THEARTSDESK ON VINYL 61: Amy Winehouse, Krust, Motörhead, Extrawelt, Sade, Chase and Status and more

★★★ ZAINA ARAFAT: YOU EXIST TOO MUCH Second-generation love addiction

★★★ DUA LIPA'S STUDIO 2054 Pop sensation locked into online spectacle

★★★★ GOODBYE, DRAGON INN BY TSAI MING-LIANG A poetic tribute to cinema-going itself

disc of the day

Album: Nick Cave & Nicholas Lens - L.I.T.A.N.I.E.S.

Cave doesn’t stray too far with his chamber opera collaboration

tv

What a Carve Up!, Barn Theatre online review – ingenious whodunnit

Film adaptation of Jonathan Coe’s 1994 bestseller is a postmodern masterpiece

film

Mank review – David Fincher’s brilliant, bitter-sweet paean to Hollywood’s Golden Age

Gary Oldman is on top form as Citizen Kane’s scathing screenwriter, Herman Mankiewicz

Collective review - waging war on corruption

Scarifying documentary about murderous bribery in Romania's health system

Blu-ray: Goodbye, Dragon Inn

A poetic tribute to cinema-going itself from Taiwanese director Tsai Ming-Liang

new music

Album: Nick Cave & Nicholas Lens - L.I.T.A.N.I.E.S.

Cave doesn’t stray too far with his chamber opera collaboration

classical

Isata Kanneh-Mason, BBCSSO, Gourlay online review - give thanks for lockdown concerts

A taste of modern America followed by sumptuous Beethoven

First Person: Avi Avital on 'Art of the Mandolin'

Master of an exquisite instrument turns to works written specifically for it

opera

L'enfant et les sortilèges, VOPERA, LPO, Reynolds online – Ravel and Colette reimagined

Through the laptop screen and what the child found there, in a brilliant take on a classic

The Seven Deadly Sins, Opera North online review - viscerally thrilling

Kurt Weill and Bertolt Brecht's indictment of capitalism in a vibrant new production

Ariodante, Royal Opera online review – stylish, but confined

Accomplished ensemble tries its best to cross the footlights in livestream-only Handel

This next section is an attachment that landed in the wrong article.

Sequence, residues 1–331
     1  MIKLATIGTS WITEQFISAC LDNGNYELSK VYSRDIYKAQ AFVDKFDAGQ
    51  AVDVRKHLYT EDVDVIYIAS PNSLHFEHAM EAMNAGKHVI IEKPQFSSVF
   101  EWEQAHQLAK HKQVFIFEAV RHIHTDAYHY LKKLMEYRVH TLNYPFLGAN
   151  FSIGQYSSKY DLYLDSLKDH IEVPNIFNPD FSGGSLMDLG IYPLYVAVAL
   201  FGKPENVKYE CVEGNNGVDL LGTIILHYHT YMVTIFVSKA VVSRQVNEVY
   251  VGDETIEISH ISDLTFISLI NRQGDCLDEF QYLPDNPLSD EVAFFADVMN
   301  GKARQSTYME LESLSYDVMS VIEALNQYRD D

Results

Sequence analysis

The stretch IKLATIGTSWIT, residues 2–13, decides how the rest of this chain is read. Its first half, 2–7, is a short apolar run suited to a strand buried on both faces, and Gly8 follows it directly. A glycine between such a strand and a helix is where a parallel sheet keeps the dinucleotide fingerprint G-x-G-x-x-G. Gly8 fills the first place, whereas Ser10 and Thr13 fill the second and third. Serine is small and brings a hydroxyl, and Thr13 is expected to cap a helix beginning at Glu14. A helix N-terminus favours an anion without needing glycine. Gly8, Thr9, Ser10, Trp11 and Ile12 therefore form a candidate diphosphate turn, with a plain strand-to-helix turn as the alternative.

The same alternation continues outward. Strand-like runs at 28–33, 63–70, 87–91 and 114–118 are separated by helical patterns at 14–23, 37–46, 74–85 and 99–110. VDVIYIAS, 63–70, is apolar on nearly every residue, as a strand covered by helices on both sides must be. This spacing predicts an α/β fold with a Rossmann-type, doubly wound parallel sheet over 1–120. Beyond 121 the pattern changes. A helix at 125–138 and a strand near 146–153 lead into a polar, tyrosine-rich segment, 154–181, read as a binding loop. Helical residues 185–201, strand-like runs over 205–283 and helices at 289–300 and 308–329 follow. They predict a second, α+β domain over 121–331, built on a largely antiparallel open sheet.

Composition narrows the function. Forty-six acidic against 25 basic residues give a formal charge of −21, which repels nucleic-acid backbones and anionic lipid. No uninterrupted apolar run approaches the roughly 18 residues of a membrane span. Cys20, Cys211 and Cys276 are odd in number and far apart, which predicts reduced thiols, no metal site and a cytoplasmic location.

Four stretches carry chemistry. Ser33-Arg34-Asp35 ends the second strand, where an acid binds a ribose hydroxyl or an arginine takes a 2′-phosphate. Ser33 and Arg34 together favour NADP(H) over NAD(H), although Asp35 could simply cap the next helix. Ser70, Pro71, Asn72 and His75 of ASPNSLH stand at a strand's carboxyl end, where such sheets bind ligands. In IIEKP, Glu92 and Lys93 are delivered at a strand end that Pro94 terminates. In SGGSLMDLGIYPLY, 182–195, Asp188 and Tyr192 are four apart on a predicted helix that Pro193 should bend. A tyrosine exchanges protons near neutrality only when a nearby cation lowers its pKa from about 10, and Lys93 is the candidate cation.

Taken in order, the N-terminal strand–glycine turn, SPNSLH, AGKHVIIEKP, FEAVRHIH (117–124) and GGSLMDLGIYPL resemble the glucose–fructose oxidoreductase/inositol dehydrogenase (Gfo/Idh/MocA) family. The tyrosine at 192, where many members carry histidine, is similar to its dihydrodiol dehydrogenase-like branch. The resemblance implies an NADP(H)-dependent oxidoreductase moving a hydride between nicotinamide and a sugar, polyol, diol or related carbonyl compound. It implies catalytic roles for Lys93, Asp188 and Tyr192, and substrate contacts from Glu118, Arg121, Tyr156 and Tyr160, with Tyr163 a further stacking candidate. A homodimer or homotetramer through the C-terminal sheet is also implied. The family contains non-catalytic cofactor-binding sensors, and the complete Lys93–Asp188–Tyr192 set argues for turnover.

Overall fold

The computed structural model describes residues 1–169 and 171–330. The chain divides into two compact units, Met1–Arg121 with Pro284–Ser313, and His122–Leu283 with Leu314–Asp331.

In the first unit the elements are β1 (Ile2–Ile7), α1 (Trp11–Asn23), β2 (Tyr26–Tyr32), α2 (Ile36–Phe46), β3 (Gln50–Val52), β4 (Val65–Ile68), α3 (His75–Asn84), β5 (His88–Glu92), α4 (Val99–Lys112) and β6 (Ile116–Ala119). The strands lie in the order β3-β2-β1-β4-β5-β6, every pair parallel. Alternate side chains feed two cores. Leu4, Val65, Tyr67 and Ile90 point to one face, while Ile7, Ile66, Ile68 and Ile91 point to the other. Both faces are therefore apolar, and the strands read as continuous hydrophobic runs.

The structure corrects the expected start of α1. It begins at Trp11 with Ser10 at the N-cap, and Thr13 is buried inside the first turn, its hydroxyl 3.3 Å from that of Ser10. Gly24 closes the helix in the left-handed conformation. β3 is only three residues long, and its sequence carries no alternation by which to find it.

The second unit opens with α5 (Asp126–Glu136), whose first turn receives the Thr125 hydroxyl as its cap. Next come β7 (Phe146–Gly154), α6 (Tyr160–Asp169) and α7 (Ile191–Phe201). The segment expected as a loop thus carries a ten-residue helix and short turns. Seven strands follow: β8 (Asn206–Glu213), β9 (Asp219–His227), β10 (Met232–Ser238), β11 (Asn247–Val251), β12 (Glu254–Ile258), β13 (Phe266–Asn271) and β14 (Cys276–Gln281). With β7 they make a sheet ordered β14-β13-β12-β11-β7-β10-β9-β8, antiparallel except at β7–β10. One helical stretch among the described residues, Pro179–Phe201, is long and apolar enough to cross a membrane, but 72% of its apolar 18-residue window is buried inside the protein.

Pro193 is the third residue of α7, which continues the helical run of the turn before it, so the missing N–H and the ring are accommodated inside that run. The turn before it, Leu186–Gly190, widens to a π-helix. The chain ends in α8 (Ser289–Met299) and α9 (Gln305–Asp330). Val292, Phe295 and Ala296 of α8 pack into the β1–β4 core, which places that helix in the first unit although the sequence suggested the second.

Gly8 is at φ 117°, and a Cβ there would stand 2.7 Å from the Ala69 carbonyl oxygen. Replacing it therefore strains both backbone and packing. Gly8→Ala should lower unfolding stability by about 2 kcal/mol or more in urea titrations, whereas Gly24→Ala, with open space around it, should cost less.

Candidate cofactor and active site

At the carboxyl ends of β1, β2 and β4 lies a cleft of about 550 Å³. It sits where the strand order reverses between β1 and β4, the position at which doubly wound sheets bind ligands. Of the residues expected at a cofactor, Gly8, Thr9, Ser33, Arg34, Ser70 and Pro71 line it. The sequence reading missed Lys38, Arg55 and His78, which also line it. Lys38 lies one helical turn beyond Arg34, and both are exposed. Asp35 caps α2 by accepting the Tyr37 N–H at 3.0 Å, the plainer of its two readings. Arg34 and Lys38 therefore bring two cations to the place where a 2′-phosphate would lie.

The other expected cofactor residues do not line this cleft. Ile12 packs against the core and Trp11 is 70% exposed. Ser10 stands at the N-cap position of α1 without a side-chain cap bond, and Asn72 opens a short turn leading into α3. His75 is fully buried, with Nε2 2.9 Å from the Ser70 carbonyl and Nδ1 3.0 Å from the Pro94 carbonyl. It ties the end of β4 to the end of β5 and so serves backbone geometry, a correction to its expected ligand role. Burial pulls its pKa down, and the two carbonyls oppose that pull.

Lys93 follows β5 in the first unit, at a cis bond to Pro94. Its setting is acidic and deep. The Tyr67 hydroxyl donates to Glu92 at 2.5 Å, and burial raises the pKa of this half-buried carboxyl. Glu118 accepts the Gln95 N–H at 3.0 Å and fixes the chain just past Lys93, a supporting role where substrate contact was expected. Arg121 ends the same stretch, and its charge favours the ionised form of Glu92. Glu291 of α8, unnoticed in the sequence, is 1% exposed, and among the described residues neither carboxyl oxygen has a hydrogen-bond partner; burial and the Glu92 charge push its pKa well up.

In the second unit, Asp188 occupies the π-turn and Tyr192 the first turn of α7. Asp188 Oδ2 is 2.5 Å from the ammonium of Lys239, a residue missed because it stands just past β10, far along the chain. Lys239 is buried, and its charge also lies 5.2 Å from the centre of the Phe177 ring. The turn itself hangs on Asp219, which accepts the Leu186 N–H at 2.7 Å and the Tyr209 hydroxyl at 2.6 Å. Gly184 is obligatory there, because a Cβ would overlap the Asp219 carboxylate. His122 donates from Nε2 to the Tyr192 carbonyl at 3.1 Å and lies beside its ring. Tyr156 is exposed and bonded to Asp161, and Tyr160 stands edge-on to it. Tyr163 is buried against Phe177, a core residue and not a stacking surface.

theatre

What a Carve Up!, Barn Theatre online review – ingenious whodunnit
Film adaptation of Jonathan Coe’s 1994 bestseller is a postmodern masterpiece
15 Heroines, Jermyn Street Theatre online review - putting the women back into Greek myth
Scorching adaptation of Ovid is a welcome theatrical respite from lockdown
Death of England: Delroy, National Theatre review - a furious if fleetingly seen sequel
Opening and closing night were the same for vital solo show

dance

The Seven Deadly Sins, Opera North online review - viscerally thrilling

Kurt Weill and Bertolt Brecht's indictment of capitalism in a vibrant new production

The Royal Ballet: Live, Within the Golden Hour review - stunning, joyous dance

Setback? What setback? Restrictions seem to push this company to ever greater things

Birmingham Royal Ballet, Sadler's Wells review - onward and upward

Carlos Acosta sets out his stall as artistic director of BRB

Books

Annie Ernaux: A Man's Place review - an intimate portrait, necessarily incomplete

In a memoir built on absence, France's leading writer inspects the life of her father

Zaina Arafat: You Exist Too Much review - second-generation love addiction

Self-conscious therapeutic development cannot help but recall the past

Patrick Barwise and Peter York: The War Against the BBC review - we won't know what we've got until it's gone

No government has attacked the BBC more determinedly than 21st century Conservatives

visual arts

Zanele Muholi, Tate Modern review - photography as protest

Pictures so confrontational they knock you sideways

Michael Clark: Cosmic Dancer, Barbican Art Gallery review - mould-breaker, ground-shaker

A crash course in the life and times of an iconoclast and muse

Sin, National Gallery review - great subject, modest show

A small gathering can't do justice to this fabulous topic

latest comments